4 Statistics to Follow Closely on Google Analytics

When opening Google Analytics for the first time, it can be daunting. This is a powerful tool and can be used to take a deep dive in your website performance – and it sure looks like it with the dashboard!

Check out my first blog post in this series – How to Track Your Website Analytics- click here.

n marketing, and more specifically in online marketing, we talk about KPIs (Key Performance Indicator) when we talk about these statistics.

For your site, there are 4 that will give you a good idea if your site is completely in the west, if you reach (or not) your goals and especially how to solve problems!

01. Bounce rate

The bounce rate is the number of visitors who left your site quickly after visiting . They rebounded on your site, arrived immediately, like a bouncing ball.

Why is this KPI important?

This is a good indicator of the relevance of your content. If you have a high bounce rate, it could mean a couple of things:

  • Visitors who have landed on your site are not interested. This can mean that you are attracting a bad audience.
  • Your acquisition strategy needs to be reviewed. In other words, you may have created an ad or post that encourages users to visit your site except that your ad is not targeting the right users.

If the problem does not come from there, then it may come from your site and information. Make sure the message is clear and visible, that the loading time is good, if the visuals are qualitative, etc. Clearly, make sure the user experience is optimal!

Average Bounce Rate 

A good rate is below 50% in my opinion.

Where to find this KPI on Google Analytics?

You can find it in Audience> Overview

02. Time spent per session

This KPI will give you the average time spent by your visitors. The higher it is, the more you can tell that your visitors have spent time on your site, which is a good thing.

Conversely, if the time spent is low, ring the alarm. As for a bad bounce rate, ask yourself these few questions: does my site attract my ideal target audience, is the content adapted to my target audience, is the design optimal?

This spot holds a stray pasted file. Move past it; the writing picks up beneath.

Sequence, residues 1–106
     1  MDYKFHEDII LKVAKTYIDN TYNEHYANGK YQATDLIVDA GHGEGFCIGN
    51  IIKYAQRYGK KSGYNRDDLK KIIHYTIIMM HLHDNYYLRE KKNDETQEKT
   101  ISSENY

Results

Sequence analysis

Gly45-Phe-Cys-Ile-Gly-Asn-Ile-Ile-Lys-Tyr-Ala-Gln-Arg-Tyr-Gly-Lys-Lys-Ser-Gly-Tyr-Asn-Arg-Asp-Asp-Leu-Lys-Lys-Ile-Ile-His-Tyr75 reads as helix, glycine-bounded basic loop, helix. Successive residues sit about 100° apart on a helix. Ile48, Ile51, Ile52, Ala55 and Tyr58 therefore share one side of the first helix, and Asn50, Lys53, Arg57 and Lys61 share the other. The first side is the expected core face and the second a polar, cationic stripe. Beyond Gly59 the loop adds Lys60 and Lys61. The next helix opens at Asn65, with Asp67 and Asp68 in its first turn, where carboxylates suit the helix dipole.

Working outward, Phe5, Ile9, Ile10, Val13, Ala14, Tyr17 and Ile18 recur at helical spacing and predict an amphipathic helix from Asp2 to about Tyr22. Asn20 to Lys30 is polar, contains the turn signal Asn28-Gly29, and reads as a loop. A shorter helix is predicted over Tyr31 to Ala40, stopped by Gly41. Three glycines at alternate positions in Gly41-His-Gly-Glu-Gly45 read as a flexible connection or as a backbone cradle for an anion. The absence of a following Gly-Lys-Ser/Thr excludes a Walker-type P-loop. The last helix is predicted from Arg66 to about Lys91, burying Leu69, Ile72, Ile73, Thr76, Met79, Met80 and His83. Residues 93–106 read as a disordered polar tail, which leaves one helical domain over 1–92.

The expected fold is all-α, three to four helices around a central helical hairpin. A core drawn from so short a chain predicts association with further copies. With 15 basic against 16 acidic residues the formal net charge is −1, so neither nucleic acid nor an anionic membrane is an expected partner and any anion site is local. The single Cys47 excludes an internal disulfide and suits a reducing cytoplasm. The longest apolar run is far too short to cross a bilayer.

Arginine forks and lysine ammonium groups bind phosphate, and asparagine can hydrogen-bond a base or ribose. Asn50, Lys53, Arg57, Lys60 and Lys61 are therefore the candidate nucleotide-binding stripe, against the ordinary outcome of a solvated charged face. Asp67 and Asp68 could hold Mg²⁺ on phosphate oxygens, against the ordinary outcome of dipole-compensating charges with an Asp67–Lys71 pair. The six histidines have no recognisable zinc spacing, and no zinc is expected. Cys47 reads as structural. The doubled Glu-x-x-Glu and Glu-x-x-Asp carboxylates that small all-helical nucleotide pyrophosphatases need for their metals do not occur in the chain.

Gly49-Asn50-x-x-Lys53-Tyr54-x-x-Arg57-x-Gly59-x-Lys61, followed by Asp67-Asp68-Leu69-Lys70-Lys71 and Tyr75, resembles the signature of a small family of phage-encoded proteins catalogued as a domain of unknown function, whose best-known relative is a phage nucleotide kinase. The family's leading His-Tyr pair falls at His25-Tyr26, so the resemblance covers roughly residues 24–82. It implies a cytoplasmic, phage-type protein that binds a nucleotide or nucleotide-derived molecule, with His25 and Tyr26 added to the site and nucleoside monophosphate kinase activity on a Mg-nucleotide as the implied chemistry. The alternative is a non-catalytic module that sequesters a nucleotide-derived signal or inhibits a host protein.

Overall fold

Why is this KPI important?

Once again, it will determine whether your content is getting enough attention from your visitors. It will challenge you and improve your content creation skills.

Average past temp 

On average, the average time is between 1min and 2min. If it is not, continue to focus on your target to find what they need. I’ve also seen very loyal followings stay on for 3-5 minutes if the blog posts are lengthy.

Where to find this KPI on Google Analytics?

You can find by going to Audience> Overview

03. The ratio page / session

This ratio is, as its name suggests, the number of pages visited per session .

Small reminder: a new session is counted every time a visitor comes back to your site after more than 30 minutes of inactivity. In other words, if a visitor arrives on the site, visits one or more pages, leaves and returns to your site at least 30 minutes later, GA will count 1 visitor and 2 sessions.

Why is this KPI important?

The ratio page / session is important because it allows to see if your target has interacted with your site . Once again, it helps to know if we are next to the plate at the content level.

If your visitor has been on several pages with an average time spent long enough, we can say that they are interested. However, if they visited several pages in a short time, we can deduce that they did not find the content they  needed despite their efforts, which is not good.

A good ratio pages / sessions

It is quite difficult to determine an average ratio. In my opinion, for a blog for example, a good ratio would be of the order of 3, because we are looking for information that can be found on several pages. For an e-commerce ratio would be more important simply because your future buyer probably want to discover many of your products.

Where to find this KPI on Google Analytics?

You’ll find it in Behavior> Overview

04. Source

The most important tab to watch? Aquisitition channel.

In other words, you will find a table with each source of traffic and the KPIs that determine the performance of your site . I love this tab because we can quickly see which source takes us the most volume traffic, the most qualified traffic.

Thus, it is easier to work on the acquisition of good traffic. If you see a source that brings in a lot of visitors but you can not classify it as “qualified traffic,” you may need to change your strategy. However, if you find that a source brings you qualified traffic, even in small quantities, amplify this channel.

Where can I find the source / support table on Google Analytics?

You can find it by clicking on Acquisition> all traffic> source

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